klezmatic disk 88 224.
(photo credit: )
For an Oklahoman, Woody Guthrie sure had plenty of Jewish associates, from his spiritual son Bob Dylan; to his mother-in-law, the Yiddish poet Aliza Greenblatt; to the East Village's 1986-founded Jewish jazz act Klezmatics. Guthrie's intellectual property curator and heiress Nora Guthrie green-lighted the first-ever plundering of the Guthrie archives for 1998's Mermaid Avenue, a collection of new settings to old Guthrie verses helmed by neo-protest folkie Billy Bragg and alt-country rock auteurs Wilco. But when she began to explore the archive's Jewish connections almost eight years ago, she approached Klezmatics with an idea for an album that eventually became Wonder Wheel.
Sure, Wonder Wheel is presented through the warped prism of Eastern European klezmer flavors, but Klezmatics has always been more about the melting pot of the New World than any nostalgia for the shtetl. In fact, the album is so grounded in an Americana headspace (a song called "Holy Ground" sounds like such a backwater hymn that it could easily pass for a bonus track on the old-time folk-heavy O Brother soundtrack), it's ironic that it won a Grammy in the World Music category.
Anchored by low-key banjo picking, "Gonna Get Through" breaks into a soaring and affirming chorus before ending with a niggun-like chant coda. The Coney Island street on which Guthrie lived makes a big impression on "Mermaid's Avenue," where all types of people are involved with all types of colorful activities in a circus-like nostalgic ode more than slightly reminiscent of the Kinks' "Come Dancing." On "Wheel of Life," dreamy moods emerge from a drone and take shape as bright and tight ethnic jams. Only on "Goin' Away," however, does a signature proper klez clarinet-noodled riff make an appearance.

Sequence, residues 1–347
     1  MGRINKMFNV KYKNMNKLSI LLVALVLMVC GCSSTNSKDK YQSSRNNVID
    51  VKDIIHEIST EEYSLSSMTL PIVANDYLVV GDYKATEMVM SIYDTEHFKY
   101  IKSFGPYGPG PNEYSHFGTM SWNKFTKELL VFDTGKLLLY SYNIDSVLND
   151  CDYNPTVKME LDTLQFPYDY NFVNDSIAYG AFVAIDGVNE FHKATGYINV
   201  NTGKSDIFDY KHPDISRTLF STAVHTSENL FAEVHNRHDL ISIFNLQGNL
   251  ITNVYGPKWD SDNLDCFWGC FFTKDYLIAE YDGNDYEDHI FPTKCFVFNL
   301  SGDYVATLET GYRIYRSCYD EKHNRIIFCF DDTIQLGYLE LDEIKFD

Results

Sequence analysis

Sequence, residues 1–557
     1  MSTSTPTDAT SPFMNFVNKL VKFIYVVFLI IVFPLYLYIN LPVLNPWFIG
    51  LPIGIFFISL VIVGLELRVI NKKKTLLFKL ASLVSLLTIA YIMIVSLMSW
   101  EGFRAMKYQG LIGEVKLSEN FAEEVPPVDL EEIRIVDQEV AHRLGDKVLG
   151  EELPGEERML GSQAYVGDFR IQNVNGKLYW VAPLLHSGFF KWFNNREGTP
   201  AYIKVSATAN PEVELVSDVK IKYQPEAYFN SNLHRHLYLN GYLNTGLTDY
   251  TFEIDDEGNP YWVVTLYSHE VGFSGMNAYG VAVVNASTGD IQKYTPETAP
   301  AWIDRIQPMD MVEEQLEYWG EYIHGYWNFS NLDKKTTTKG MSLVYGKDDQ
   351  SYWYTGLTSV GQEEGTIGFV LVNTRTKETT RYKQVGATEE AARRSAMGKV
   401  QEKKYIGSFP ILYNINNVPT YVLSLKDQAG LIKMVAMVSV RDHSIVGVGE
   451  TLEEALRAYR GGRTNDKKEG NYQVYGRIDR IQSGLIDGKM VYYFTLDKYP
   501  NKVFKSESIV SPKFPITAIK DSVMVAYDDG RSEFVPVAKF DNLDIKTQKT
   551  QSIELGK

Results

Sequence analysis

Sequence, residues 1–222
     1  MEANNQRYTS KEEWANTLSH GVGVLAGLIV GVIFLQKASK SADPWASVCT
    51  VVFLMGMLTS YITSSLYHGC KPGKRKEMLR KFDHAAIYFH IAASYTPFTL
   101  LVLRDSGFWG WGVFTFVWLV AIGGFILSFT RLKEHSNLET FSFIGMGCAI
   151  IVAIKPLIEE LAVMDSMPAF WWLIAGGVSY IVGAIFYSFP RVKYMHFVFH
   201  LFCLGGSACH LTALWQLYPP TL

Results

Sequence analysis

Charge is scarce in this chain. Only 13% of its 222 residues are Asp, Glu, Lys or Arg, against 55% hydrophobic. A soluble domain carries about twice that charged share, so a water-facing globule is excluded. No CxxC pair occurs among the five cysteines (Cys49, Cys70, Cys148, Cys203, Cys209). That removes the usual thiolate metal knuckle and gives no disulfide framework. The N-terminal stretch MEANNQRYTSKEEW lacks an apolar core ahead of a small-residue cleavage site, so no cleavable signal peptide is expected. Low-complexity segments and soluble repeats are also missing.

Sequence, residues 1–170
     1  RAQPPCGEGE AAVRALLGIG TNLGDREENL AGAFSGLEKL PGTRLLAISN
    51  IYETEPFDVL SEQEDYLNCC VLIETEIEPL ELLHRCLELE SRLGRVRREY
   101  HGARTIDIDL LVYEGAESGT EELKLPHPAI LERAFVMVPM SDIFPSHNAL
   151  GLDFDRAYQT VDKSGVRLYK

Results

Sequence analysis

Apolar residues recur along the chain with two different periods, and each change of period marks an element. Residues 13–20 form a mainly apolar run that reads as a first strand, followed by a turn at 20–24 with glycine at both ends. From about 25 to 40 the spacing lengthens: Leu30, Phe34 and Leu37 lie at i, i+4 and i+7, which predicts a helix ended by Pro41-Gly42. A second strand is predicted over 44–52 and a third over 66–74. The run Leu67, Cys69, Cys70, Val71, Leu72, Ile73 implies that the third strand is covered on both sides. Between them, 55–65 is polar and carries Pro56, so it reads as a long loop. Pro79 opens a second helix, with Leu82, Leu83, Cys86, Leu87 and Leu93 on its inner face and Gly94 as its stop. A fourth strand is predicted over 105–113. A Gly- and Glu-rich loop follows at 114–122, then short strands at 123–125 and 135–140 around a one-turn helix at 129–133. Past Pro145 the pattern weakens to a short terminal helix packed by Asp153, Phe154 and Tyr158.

A landmark accomplishment, Wonder Wheel indisputably succeeds in carrying the listener to a place where poles like folked-up versus jazzed-out, Oklahoman versus Eastern European and down-to-earth versus transcendental all seem irrelevant.
Generations: Journey Across the Ages
Winnipeg-raised Rabbi Shawn Zevit keeps himself busy as a Reconstructionist clergyman. Now based in Philadelphia, Zevit is a specialist on Judaism's take on gender issues. He published a 2004 treatise on community-based charity entitled Offerings of the Heart and he has released three full-length albums - most recently the double-disc Generations. This album is a personal project for Zevit, with an old family portrait serving as the cover art and disc two being comprised of remastered hazzanut- and Shabbat-themed sing-alongs between him and his grandfather, originally recorded in the early Nineties.
On disc one, Zevit explores the Kabbalat Shabbat prayer service through original melodies written by himself and his peers, liturgical texts and a tranquil mood. Even if it does get a bit goofy as it emulates guided meditation session styles, on the whole, this song suite is relaxed and tasteful. Through his vocals and acoustic guitar contributions, Zevit leads the listener into an appropriately release-oriented headspace, while easy mandolin, fretless bass, violin, hand percussion and Rabbi Margot Stein's elegant, Jennifer Warnes-like soprano harmonies fill in the lazy yet rich bluegrass-inspired soundscape.
Ben Jacobson can be reached at email@example.com.